Steven Spielberg on 'E.T.'s Reese's Pieces Scene and How It Changed From Script to Screen (Flashback)

The filmmaker and Kathleen Kennedy explained to ET how the product placement in their beloved alien tale unfolded behind the scenes.

Steven Spielberg originally wanted E.T. the Extra-Terrestrial to feature his favorite candy. But it wasn't Reese's Pieces. 

To celebrate the iconic film’s 40th anniversary, ET is looking back at one of its most famous behind-the-scenes stories. As Spielberg and producer Kathleen Kennedy explained about the fan-favorite scene, in screenwriter Melissa Mathison’s initial draft, Elliott (Henry Thomas) left a trail of M&Ms to lure the shy alien to his home in the San Fernando Valley. 

So, why the switch?

“I wasn't in direct communication with M&Ms. I simply made the request,” Spielberg told ET in 2001 as he promoted the movie’s special edition release for the following year. “It was M&Ms in the screenplay.”

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Years before shepherding a new era for Star Wars as president of Lucasfilm, Kennedy produced several movies regarded as essential classics today, including the Back to the Future, Jurassic Park and Indiana Jones franchises, to name a few. At the beginning of this prolific career, Kennedy was Spielberg's assistant before quickly receiving one of her first producer credits for E.T.

As she recalled, Spielberg was intent on keeping everything about the movie under wraps throughout production, which not only included story details, but, most crucially, the titular otherworldly being’s appearance.

“He didn't want anyone to see the character of E.T. or get pictures,” Kennedy told ET in 2001.

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This air of secrecy led to the eventual downfall of E.T.’s potential collaboration with M&M's, a candy under the umbrella of Mars, Incorporated. Even in the wake of Spielberg’s Raiders of the Lost Ark box office success in 1981, the company was hesitant to lend one of its trademark products.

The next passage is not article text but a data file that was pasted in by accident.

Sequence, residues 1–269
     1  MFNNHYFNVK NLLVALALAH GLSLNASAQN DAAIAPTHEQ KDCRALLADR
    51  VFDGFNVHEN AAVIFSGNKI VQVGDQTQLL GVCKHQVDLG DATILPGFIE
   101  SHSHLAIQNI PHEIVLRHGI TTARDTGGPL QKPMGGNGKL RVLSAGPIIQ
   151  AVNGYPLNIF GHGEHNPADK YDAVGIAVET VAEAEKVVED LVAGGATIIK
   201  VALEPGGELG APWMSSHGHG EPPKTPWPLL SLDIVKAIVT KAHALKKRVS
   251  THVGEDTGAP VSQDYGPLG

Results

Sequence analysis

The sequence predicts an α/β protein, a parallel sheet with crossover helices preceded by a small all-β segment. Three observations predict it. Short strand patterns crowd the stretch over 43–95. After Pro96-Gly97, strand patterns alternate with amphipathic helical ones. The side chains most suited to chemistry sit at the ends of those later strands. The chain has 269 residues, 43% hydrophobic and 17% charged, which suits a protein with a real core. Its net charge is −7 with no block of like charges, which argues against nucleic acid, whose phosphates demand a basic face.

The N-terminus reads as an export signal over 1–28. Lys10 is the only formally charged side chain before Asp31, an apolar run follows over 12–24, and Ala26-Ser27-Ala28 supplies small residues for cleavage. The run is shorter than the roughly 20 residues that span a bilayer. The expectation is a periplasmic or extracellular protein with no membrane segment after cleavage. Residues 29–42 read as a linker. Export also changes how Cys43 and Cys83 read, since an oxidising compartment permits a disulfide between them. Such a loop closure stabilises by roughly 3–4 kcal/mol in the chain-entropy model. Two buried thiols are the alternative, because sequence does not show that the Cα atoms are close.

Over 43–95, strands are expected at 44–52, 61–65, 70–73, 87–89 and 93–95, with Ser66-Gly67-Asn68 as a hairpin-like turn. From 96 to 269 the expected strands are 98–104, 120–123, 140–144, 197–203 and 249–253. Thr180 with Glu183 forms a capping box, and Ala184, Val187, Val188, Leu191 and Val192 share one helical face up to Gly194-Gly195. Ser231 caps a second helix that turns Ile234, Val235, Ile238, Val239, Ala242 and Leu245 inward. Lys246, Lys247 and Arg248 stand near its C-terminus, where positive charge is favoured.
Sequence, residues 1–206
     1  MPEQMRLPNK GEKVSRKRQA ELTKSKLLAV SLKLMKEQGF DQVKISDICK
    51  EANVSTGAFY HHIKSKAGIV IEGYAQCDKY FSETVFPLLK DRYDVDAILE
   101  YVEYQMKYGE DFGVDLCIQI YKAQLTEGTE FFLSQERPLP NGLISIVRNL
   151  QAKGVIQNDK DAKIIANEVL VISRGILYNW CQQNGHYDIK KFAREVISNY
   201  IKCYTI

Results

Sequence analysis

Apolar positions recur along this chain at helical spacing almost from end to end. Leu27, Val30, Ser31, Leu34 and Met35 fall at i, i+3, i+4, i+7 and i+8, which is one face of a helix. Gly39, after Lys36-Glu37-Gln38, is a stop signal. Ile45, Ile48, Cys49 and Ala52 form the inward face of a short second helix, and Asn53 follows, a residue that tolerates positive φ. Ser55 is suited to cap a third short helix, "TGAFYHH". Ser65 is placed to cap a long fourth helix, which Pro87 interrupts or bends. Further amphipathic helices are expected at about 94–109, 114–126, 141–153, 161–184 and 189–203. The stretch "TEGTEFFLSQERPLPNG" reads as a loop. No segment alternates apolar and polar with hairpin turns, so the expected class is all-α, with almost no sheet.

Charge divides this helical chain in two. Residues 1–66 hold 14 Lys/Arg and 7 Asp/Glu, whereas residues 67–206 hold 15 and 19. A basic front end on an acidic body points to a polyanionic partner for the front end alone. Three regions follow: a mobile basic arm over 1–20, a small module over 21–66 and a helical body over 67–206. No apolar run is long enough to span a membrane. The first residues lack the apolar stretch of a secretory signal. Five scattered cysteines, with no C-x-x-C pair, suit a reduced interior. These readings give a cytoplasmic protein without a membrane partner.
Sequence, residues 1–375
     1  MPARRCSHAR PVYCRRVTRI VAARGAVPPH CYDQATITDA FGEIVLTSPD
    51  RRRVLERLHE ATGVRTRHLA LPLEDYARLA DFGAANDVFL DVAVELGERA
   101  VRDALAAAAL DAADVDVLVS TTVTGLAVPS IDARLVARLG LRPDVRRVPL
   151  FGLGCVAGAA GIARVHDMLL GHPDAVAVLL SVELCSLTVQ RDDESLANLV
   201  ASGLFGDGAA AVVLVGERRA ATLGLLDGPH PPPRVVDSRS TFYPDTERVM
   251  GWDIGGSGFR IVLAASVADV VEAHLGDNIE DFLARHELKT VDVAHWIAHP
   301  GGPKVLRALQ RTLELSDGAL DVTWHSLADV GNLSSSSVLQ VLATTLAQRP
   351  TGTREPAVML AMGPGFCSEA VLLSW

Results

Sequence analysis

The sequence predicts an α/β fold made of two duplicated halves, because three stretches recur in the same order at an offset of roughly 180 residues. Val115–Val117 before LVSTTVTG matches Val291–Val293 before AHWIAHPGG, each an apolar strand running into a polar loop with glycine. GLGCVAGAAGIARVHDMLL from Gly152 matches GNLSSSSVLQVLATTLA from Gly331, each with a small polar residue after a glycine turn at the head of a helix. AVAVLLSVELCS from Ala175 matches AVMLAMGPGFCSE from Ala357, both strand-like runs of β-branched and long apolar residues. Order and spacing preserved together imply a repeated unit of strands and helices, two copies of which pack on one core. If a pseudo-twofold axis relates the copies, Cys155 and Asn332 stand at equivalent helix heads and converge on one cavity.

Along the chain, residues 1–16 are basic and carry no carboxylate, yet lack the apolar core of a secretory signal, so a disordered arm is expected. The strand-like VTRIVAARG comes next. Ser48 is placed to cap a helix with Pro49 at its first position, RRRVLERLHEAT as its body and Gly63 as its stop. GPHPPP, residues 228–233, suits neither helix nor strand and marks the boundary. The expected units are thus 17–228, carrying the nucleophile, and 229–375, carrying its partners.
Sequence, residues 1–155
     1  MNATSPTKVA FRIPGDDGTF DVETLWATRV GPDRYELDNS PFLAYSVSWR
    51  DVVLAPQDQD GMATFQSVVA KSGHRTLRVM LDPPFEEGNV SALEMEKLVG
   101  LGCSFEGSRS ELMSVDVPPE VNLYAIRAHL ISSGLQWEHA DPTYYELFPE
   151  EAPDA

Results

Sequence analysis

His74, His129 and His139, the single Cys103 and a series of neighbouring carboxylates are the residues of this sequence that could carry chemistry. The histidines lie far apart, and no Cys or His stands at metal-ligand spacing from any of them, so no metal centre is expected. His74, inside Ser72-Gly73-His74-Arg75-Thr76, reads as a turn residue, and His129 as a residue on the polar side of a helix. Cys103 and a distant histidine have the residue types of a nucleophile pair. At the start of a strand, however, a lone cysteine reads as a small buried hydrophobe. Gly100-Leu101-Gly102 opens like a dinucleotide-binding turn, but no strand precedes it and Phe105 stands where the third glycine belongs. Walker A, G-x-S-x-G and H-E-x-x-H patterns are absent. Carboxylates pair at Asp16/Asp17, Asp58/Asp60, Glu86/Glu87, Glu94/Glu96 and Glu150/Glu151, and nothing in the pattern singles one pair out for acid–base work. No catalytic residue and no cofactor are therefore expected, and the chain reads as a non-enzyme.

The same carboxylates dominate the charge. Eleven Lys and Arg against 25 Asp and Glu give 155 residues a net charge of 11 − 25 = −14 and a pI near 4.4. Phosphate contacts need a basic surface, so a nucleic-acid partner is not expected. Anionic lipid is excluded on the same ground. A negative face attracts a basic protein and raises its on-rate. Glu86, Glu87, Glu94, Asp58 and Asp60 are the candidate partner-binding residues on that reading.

“When we contacted [Mars] to use M&M's, of course, they wanted to see the script,” Kennedy remembered. “And there was the catch-22, because Steven didn't want to send the script.

Kennedy expressed sympathy for Mars, as executives were only given the broad strokes of the film. “In fairness to them, they were really having to take the leap that what we were doing was something they would feel comfortable having their product be associated with,” she admitted, while also noting that product placement was a “relatively new business” in the early ‘80s. (E.T. premiered a year before Tom Cruise’s Ray-Bans in Risky Business skyrocketed sales of the sunglasses, and a decade before Mike Myers put a unique twist on the trend in Wayne’s World by both mocking product placements, while concurrently promoting Pepsi, Doritos, Pizza Hut and Reebok in a single scene.)

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After Kennedy reached out with the proposal, which also included promotional tie-ins to coincide with the movie’s release, crucial time passed while Mars deliberated the agreement. But with production looming, she and Spielberg were forced to examine alternatives.